It makes you wonder what sort of fantasy world they are living in...

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    1. One wonders how any high fantasy gets published, giving the lack of cares those readers are giving.

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  4. I came into fantasy more or less through a portal story (Spellsinger by Alan Dean Foster). I wasn't particularly fond of that book (or the second and third ones), but I became enamoured with the idea of being sucked into another world and being a hero there, or a princess or something. If I really thought on the matter, about half of my fantasy collection is portal fantasy.

    That said there is a lot of bad portal fantasy out there--but then there's a lot of bad EVERYTHING out there and I can't imagine editors ONLY get so much terrible portal fantasy and nothing else to make it a loose rule. Until Stephenie Meyer hit it big with Twilight I remember there was peevishness about receiving manuscript after manuscript of 'paranormal trash'.

    Like one of the commentors said, a series just has to grab the populace at large--whether its good or bad, if it becomes commercially viable then we'll see that flood on the shelves as well.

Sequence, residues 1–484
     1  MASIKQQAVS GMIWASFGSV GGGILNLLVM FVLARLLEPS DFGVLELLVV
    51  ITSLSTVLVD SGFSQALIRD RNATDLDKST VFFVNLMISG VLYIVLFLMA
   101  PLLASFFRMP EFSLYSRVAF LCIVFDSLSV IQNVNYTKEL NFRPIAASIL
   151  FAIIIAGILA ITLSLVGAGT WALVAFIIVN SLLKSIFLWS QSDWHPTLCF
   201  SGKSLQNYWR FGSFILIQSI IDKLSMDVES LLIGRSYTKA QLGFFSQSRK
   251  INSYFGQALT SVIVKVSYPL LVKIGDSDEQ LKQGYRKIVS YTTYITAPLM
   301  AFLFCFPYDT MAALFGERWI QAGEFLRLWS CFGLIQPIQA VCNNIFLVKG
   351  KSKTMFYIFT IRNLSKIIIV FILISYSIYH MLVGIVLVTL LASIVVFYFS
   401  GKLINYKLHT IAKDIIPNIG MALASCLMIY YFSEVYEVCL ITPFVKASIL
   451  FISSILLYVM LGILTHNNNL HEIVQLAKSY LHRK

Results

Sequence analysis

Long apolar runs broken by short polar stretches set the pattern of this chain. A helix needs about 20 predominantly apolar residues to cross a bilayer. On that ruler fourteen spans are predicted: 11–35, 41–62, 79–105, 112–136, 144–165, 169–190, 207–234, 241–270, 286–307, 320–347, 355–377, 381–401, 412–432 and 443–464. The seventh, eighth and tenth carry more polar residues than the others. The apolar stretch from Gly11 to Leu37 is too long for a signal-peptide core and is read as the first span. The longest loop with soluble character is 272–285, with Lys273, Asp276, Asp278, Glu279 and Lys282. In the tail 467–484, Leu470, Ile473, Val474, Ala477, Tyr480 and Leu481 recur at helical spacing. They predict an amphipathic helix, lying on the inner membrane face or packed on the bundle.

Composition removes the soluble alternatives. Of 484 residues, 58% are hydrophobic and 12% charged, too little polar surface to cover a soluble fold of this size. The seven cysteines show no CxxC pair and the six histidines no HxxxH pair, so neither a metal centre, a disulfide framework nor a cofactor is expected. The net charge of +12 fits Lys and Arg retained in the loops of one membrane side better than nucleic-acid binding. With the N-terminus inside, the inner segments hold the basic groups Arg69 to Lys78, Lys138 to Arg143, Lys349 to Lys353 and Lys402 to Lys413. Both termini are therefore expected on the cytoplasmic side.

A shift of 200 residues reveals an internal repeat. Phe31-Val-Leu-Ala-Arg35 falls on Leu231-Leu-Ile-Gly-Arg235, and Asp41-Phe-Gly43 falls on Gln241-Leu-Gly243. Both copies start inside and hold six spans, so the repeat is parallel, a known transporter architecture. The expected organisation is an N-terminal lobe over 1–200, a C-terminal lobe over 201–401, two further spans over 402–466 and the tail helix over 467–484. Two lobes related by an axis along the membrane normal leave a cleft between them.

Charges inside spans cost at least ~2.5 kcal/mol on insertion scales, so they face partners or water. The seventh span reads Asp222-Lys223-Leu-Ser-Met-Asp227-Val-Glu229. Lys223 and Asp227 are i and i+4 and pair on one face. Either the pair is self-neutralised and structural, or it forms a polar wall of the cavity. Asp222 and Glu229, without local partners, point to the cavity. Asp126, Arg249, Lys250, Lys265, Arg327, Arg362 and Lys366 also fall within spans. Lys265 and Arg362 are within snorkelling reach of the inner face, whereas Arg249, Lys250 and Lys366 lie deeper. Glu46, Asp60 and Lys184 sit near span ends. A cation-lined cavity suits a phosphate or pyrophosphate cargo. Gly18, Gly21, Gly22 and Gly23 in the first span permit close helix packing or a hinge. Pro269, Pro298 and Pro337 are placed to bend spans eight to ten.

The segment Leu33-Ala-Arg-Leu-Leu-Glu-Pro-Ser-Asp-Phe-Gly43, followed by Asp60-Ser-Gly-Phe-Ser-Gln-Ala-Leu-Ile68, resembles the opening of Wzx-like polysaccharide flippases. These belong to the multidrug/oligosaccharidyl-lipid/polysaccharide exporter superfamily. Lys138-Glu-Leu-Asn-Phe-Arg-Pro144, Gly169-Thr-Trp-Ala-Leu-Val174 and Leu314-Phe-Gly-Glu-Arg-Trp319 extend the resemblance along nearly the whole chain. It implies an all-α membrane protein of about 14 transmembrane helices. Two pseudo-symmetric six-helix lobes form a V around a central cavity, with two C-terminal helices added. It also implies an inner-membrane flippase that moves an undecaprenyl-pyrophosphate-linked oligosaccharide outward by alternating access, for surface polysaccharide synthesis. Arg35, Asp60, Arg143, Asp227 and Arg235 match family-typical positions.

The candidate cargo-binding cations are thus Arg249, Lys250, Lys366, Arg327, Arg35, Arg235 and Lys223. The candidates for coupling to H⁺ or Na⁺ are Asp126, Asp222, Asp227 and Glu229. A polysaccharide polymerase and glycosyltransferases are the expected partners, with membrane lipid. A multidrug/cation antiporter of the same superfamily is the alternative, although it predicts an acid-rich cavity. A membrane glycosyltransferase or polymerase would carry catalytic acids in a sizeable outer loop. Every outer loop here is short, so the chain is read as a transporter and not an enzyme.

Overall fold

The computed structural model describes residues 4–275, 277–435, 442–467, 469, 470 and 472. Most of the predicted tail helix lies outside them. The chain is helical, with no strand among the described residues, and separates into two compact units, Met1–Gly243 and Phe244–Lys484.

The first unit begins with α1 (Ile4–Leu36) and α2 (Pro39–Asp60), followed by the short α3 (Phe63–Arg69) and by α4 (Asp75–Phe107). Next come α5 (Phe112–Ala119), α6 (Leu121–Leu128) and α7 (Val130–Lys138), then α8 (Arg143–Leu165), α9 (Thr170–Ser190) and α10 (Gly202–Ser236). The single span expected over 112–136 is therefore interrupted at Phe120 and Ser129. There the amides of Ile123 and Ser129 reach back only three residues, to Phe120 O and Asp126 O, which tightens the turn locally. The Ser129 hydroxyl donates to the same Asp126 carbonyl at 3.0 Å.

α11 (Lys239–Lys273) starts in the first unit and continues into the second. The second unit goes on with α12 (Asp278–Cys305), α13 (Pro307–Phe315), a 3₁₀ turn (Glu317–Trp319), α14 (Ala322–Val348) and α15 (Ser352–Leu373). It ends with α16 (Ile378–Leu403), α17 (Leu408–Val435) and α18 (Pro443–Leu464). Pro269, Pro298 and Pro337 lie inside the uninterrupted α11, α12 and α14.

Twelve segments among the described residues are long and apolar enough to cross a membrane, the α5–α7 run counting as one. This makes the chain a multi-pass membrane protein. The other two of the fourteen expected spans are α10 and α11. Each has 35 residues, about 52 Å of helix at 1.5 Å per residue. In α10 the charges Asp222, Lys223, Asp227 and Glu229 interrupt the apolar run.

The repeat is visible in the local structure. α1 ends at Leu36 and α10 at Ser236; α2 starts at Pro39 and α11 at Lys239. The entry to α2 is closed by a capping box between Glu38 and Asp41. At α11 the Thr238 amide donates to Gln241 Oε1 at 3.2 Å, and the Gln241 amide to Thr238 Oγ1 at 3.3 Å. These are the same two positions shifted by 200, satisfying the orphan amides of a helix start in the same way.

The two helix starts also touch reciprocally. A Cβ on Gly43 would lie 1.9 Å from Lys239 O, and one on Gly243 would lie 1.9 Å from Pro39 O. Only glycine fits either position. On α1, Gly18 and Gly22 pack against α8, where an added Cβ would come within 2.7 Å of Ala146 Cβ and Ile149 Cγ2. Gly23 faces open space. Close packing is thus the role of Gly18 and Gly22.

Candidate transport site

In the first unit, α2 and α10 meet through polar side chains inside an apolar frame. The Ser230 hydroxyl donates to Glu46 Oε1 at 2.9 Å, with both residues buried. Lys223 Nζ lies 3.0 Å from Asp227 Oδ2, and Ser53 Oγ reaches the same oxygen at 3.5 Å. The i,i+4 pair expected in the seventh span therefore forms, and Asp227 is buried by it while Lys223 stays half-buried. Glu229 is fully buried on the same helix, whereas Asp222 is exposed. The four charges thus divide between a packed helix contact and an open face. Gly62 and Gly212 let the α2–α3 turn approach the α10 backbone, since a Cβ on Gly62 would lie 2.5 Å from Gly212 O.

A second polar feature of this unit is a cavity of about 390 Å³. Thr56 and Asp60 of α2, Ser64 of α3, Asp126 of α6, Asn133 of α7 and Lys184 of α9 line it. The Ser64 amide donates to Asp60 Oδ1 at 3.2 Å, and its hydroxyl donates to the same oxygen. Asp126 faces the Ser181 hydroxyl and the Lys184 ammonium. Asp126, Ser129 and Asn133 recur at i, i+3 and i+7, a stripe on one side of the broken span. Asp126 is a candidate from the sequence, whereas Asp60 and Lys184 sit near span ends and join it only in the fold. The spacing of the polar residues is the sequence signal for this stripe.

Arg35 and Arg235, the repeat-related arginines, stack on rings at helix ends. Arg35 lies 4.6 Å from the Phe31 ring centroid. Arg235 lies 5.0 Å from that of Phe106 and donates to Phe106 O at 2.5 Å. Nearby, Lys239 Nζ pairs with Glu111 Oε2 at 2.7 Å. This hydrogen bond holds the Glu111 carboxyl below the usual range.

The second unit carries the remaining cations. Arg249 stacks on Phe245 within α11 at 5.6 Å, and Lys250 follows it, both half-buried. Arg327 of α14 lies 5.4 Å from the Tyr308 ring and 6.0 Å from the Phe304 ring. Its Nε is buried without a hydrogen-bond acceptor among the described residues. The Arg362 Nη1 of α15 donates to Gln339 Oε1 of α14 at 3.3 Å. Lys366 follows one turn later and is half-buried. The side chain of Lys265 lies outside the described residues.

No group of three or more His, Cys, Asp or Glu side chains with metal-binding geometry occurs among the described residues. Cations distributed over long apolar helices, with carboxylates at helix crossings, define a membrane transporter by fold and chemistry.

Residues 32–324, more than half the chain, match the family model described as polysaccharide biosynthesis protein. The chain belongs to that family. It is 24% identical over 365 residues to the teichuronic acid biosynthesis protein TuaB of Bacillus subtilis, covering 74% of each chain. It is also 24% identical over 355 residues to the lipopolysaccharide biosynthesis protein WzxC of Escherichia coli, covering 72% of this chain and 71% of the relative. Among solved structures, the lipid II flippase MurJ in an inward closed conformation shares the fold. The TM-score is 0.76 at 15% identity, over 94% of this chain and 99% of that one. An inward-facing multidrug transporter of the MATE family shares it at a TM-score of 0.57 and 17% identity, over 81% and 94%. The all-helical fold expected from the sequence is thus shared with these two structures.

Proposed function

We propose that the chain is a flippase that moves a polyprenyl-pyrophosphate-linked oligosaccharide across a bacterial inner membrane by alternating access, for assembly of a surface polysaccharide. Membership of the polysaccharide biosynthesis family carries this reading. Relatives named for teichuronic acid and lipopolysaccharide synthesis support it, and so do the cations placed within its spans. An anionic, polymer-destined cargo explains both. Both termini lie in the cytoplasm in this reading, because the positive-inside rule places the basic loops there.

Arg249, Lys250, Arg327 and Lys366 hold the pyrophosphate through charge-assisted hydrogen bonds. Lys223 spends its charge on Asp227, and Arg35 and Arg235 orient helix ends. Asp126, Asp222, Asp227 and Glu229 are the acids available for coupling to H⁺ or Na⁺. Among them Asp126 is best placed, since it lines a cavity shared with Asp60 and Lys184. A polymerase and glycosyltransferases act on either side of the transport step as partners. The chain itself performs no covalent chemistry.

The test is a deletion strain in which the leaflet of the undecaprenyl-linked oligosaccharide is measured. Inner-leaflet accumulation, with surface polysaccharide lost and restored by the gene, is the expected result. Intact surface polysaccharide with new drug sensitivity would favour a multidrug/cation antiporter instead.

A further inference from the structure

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  5. Go Andrea! from you to McCaffrey. Well done on increasing the science fiction readership.

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  6. Just wanted to comment that I recently stumbled across a review somewhere of Stray and when I found it was free on Amazon I took a chance and I am so glad I did. I really loved this story, I thought it was truly excellent, and the melding of tech with a YA heroine saving the world was brilliantly done. The little touches of humor that made me LOL (Om Nom Nom Nom is my favourite!) and the feeling of 'realness' that you got from the diary. I thought I would hate that but you did it really well.

    I did something I have never done before, at the end of Stray (and Lab Rat One) I went to the end of the book on my Kindle and IMMEDIATELY bought the next one. Thats how much I needed to know how the story ends.

    Waves Hi from further Downunder :) You have a converted fan here!

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    Replies
    1. I'm glad you enjoyed it Anon!

      I know some people are put off by the diary format, but it added immensely to the realism for me too.

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    2. Sorry, I had forgotten why I disliked commenting on Blogger entries so much, the comment interface sucketh mightily!

      Anon here again, hopefully less anon. Just wanted to add I discovered Gratuitous Epilogue and downloaded and devoured and finished after I got home from work. Two nights in a row I have delayed cooking dinner until I had finished your books! I loved the epilogue, how you finished the story, loved all the presents at the end (the packets of seeds were genius) and I cried at the end of the story. One of the best YA stories I have ever read, thankyou SO MUCH!

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    3. I love knowing what happens next.

      Next year some time I'll be putting out a short story from Ys' point of view, about 6-8 years later than GE. [Hopefully.]